The Walking Dead, Survival Rule Of The Week: Surprises suck

Photo Credit: Jackson Lee Davis/AMC
Photo Credit: Jackson Lee Davis/AMC /
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T-Dog (Robert ‘IronE’ Singleton) – The Walking Dead – Season 2, Episode 1 – Photo Credit: Gene Page/AMC – TWD_201_0607_3
T-Dog (Robert ‘IronE’ Singleton) – The Walking Dead – Season 2, Episode 1 – Photo Credit: Gene Page/AMC – TWD_201_0607_3 /

2) SURPRISE! …Everything’s ground to halt.

Once places become the worst surprise party of all time, the list of invitees to that party will start growing exponentially, as everyone in that place, and everyone on every road heading into that place gets roped into it, by which I mean every bit of traffic on every highway, bridge, and tunnel heading into that city comes to a complete stop as it descends into chaos.

Now, to anyone who’s watched The Walking Dead (Or just about any bit of zombie media, honestly), or, frankly, anyone who’s every driven into a major city, traffic isn’t that much of a surprise, but, what will be a surprise is when you find yourself in a traffic jam that goes nowhere for hours. What will also be surprising is when, after several hours of not moving, people start getting out of their cars to see what the hold-up is. What will be even more surprising is when all those people start running down the highway, even past their cars, desperately trying to escape something up ahead, which you will discover is hundreds of dead people marching down the highway, eating everyone they can get their hands on.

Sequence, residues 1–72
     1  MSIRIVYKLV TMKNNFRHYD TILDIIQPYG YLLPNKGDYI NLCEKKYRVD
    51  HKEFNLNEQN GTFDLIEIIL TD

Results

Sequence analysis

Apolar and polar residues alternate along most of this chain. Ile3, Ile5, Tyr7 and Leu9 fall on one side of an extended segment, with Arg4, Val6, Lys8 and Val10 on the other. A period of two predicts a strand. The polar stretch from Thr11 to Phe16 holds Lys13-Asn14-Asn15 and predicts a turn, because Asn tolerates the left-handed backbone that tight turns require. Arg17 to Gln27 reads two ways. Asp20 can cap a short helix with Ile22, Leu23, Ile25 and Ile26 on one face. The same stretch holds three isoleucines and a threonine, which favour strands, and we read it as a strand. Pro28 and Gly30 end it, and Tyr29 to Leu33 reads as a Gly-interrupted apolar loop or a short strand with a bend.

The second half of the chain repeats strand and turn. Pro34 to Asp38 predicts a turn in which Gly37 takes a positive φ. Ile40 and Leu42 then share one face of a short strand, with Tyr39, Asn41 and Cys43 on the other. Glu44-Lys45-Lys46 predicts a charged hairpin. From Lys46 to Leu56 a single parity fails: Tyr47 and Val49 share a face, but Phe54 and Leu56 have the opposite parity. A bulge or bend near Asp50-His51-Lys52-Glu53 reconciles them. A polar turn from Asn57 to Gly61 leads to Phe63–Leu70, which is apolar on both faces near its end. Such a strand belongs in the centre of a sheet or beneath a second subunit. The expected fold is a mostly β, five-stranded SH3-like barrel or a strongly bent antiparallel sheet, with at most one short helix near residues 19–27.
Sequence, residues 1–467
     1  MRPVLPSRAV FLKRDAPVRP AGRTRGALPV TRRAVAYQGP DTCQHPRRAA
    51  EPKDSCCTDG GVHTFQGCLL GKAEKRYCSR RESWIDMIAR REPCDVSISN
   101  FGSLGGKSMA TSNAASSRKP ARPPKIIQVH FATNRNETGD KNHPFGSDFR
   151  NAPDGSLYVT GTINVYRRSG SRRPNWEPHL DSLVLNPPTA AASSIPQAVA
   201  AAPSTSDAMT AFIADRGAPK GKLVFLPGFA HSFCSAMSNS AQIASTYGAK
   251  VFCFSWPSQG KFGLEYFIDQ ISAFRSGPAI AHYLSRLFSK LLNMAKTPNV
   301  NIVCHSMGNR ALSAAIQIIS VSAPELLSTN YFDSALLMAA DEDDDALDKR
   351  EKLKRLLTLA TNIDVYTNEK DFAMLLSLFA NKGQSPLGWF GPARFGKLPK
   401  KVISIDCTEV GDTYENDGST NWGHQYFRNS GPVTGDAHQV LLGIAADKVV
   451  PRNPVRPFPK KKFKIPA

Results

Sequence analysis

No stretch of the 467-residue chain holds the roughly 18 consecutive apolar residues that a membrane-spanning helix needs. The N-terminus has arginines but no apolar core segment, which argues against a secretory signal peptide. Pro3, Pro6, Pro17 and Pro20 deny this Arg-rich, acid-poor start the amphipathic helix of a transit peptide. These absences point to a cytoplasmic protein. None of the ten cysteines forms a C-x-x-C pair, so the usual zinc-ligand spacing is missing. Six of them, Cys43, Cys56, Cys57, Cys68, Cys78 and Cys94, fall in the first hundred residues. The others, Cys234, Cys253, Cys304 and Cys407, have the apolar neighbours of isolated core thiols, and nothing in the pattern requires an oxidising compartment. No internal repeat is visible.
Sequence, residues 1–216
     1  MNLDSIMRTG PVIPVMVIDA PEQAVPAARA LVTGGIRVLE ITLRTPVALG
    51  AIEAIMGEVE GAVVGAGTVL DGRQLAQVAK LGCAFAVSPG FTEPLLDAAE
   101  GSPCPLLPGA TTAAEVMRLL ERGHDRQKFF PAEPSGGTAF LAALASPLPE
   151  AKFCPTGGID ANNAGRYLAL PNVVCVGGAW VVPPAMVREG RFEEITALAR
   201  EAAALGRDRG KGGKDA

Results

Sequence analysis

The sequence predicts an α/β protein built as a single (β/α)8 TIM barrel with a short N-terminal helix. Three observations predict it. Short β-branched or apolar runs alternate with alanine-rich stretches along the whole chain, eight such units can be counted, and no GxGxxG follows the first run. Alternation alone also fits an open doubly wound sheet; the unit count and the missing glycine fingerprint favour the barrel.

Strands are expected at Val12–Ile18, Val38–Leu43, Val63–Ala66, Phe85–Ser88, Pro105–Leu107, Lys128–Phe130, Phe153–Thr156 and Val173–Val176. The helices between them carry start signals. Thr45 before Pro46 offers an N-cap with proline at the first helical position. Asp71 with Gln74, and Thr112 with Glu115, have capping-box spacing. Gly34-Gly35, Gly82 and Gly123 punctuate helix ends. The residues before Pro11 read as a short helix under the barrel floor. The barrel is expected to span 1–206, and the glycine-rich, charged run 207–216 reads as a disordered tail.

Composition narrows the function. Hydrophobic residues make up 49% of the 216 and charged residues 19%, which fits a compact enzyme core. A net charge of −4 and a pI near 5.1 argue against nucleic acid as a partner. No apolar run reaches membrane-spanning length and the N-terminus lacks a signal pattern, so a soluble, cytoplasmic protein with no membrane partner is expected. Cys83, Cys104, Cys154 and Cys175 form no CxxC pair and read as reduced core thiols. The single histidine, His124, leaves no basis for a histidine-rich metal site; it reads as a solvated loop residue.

You see, this is the “ambush” nature of a zombie apocalypse that I mentioned earlier: A zombie apocalypse could happen at any time, even when in a routine event like a traffic jam. The problem, of course, is that if you’re in one when the outbreak begins…you’re pretty well stuck.

This is tough. Most highways heading into major cities are flanked by noise-cancelling walls, dense forests, or, in the case of my home state of Massachusetts, swamps and walls made of pure granite, they’re also divided by concrete or steel barriers; These are designed to keep people from driving into oncoming traffic or other people’s homes, which, while a good thing, makes them virtual prisons if anything disastrous happens on them.

I guess the best thing I can think of is that you should make sure you have supplies in your car in case of emergencies and memorize the roads you drive on so that, if you’re stuck in a never-ending traffic jam, you can (Hopefully) get onto an off-ramp and try to get yourself back home before the source of said traffic jam comes looking for you.